# Homework Help: Acceleration, Velocity and distance

1. Nov 18, 2008

### Oblivion77

1. The problem statement, all variables and given/known data

An engineer designing a system to control a router for a machining process models the system so that the router's acceleration during an interval of time is a=-1.8vm/s . When t=0 , its position is s=0 and its velocity is 2.4 m/s. Determine the router's position (unit: m) at s.

2. Relevant equations

a=dv/dt, v=ds/dt

3. The attempt at a solution

First i did -1.8v=dv/dt did some integration and work and found v = e^(-1.8t)

I then used e^(-1.8t) = ds/dt and solved for s and subsituted t=0(lower bound) and t=0.75(upper bound) and found s = 0.412m

I am not sure if the first step I did is allowed since I never used the v=2.4. Please tell me my mistakes. Thanks!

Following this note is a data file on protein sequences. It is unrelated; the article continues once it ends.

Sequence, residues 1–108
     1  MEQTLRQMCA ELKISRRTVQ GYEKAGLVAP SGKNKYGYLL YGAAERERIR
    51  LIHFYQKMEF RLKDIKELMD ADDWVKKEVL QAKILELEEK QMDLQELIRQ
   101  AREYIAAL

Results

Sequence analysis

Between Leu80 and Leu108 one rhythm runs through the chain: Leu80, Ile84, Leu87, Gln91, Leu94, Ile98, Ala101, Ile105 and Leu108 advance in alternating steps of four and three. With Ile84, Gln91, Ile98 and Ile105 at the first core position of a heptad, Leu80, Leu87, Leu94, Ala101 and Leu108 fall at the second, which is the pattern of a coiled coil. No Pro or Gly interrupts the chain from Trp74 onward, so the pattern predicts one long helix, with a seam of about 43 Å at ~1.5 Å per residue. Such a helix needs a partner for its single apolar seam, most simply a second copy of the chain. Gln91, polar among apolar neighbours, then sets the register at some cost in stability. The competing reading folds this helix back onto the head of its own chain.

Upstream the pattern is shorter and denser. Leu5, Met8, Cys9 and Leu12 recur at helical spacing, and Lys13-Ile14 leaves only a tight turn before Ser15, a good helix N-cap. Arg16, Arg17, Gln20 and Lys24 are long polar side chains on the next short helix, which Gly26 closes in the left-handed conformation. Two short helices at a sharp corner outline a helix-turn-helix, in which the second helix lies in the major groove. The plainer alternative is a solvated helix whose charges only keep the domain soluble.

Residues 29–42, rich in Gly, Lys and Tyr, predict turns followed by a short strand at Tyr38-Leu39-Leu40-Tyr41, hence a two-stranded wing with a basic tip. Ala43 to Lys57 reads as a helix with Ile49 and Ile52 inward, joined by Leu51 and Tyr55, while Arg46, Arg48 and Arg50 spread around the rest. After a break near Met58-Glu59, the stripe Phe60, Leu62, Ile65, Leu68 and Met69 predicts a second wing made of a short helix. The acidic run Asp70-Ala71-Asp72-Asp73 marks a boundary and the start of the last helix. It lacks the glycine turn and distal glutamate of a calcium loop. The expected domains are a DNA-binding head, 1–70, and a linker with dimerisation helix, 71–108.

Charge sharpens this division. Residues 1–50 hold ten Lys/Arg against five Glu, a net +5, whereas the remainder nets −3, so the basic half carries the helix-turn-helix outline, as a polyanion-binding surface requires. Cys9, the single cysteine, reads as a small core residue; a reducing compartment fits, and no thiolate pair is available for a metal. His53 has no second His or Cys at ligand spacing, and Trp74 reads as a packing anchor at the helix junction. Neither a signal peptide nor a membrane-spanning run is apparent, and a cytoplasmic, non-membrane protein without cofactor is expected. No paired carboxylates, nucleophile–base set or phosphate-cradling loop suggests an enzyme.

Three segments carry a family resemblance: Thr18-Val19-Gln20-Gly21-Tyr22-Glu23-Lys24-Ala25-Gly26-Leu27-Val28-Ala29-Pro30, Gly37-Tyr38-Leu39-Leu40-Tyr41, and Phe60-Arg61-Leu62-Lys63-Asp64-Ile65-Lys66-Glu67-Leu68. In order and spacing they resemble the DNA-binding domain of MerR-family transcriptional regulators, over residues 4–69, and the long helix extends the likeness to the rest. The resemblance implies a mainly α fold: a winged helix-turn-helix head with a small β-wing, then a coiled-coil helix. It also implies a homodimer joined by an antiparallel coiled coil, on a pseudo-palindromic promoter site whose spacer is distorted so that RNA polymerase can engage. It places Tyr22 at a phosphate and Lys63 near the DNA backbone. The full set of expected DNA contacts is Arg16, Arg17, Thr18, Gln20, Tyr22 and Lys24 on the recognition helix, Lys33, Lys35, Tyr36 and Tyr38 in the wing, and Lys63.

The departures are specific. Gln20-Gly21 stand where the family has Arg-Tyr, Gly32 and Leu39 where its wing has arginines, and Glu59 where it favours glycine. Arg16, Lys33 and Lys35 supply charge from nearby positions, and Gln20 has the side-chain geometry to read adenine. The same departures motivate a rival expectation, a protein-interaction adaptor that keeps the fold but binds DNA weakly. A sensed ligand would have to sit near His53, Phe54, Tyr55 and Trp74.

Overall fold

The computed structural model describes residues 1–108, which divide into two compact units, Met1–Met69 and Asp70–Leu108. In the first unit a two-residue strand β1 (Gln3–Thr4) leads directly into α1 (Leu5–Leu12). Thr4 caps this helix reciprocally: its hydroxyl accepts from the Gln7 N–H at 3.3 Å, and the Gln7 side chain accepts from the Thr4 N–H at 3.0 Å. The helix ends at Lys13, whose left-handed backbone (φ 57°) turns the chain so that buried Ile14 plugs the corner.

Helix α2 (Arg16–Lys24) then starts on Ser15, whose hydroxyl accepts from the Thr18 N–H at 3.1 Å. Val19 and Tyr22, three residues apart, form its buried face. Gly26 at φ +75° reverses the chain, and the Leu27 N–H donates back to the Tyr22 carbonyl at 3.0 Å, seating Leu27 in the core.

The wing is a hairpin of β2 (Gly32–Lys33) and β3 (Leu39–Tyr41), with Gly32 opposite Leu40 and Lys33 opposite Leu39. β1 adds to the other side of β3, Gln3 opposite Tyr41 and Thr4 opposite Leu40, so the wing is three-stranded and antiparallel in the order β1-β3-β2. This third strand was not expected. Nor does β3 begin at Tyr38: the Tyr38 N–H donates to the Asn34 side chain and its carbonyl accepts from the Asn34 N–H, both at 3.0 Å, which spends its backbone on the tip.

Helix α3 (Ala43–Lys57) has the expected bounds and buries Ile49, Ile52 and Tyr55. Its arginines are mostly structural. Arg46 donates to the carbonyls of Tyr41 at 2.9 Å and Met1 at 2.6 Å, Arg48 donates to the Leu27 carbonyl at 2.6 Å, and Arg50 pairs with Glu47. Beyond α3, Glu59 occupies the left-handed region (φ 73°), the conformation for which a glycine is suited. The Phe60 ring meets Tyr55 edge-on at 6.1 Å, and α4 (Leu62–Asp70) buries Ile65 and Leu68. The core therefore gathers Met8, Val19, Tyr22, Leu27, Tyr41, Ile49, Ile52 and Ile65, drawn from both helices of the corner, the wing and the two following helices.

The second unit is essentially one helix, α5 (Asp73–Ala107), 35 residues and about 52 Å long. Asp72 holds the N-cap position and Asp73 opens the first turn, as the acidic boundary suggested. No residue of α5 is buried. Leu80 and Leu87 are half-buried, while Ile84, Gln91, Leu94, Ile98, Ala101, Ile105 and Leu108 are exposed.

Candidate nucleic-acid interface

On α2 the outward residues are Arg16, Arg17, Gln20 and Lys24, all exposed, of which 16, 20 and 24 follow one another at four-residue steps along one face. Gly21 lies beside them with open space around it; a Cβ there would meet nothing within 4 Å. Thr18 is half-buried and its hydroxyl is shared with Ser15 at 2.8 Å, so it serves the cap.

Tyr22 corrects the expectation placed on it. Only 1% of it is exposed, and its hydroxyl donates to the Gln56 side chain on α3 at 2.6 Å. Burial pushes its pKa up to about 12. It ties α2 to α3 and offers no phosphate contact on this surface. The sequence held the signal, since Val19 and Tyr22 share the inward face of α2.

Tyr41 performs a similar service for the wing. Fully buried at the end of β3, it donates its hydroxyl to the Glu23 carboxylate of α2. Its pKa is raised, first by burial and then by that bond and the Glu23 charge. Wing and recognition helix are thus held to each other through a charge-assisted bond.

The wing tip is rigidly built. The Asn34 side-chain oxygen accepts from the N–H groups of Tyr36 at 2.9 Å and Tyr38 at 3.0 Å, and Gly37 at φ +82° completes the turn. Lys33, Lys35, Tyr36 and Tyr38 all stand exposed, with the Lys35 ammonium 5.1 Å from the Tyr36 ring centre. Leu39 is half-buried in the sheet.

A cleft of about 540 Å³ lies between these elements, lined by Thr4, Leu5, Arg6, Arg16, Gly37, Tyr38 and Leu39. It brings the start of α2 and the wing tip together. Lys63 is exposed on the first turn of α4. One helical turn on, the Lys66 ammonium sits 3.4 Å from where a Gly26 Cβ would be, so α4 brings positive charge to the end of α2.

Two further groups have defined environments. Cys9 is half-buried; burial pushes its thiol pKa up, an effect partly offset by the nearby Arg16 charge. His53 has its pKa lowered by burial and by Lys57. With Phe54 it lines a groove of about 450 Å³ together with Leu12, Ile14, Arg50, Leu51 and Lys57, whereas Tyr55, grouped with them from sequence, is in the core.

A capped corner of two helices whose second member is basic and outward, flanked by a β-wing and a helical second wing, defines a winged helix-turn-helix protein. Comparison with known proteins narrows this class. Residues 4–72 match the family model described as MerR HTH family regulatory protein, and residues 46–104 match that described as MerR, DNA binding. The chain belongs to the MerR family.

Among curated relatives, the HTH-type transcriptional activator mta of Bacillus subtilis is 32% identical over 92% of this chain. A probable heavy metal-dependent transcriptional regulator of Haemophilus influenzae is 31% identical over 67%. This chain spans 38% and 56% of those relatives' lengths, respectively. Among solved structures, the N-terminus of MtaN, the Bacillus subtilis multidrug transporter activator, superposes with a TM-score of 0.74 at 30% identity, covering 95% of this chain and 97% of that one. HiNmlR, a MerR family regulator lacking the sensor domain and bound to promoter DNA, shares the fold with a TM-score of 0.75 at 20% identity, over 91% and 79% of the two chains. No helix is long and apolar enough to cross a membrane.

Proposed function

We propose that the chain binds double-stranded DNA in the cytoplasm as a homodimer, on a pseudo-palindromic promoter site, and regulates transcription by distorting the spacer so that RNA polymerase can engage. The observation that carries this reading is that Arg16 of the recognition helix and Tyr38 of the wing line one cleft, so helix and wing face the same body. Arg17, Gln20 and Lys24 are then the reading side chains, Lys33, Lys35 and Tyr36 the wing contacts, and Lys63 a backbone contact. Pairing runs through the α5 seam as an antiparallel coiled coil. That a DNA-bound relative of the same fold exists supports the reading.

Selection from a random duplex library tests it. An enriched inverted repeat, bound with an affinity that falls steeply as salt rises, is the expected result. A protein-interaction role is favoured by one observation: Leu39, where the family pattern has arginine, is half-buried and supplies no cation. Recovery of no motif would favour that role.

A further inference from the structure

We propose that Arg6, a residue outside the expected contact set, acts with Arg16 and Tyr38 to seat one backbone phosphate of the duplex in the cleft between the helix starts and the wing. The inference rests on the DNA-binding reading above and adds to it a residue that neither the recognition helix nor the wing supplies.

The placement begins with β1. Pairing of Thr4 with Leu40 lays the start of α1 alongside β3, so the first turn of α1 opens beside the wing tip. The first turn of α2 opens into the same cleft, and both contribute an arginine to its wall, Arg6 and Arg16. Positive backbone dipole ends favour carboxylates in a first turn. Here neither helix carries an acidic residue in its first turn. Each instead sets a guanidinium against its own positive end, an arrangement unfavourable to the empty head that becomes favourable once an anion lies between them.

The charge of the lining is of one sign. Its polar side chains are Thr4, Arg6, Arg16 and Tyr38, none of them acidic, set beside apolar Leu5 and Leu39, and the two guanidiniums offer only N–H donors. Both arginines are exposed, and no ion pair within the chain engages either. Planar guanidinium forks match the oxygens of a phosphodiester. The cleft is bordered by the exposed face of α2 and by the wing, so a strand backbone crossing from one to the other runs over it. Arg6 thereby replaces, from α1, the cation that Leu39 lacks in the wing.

2. Nov 19, 2008

### tiny-tim

Hi Oblivion77!

You integrated twice, but you only put in a constant of integration the second time.

The v = 2.4 comes in the first time!

3. Nov 19, 2008

### Oblivion77

Ok, using the v=2.4 with the first integration I get -1.8v=dv/dt, doing some integration I get
t=(-1/1.8)ln(v)+0.49 (does this look right so far?). Now I want to solve for v and use v=ds/dt to get the function for position. so v=e^(0.88-1.8t), e^(0.88-1.8t)=ds/dt .Then to sub t=0.75s for the upper bound and t=0 for the lower bound. Does this look right now? Or did I make a mistake somewhere? Thanks!

4. Nov 19, 2008

### tiny-tim

oooh

No, you integrated dv/v - -1.8dt to get v = Ce-1.8t.

And so, when t= 0, e-1.8t = … ? , and so C = … ?

5. Nov 20, 2008

### Oblivion77

Ok, so when i do that I get v=Ce^(-1.8t). And the intial conditions are t=0, v=2.4. So would i do 2.4=Ce^0, C=2.4. Then v=2.4e^(-1.8t), or do i not use the velocity?

6. Nov 20, 2008

### tiny-tim

What a long question!

Yes, v = 2.4e-1.8t

why does that worry you?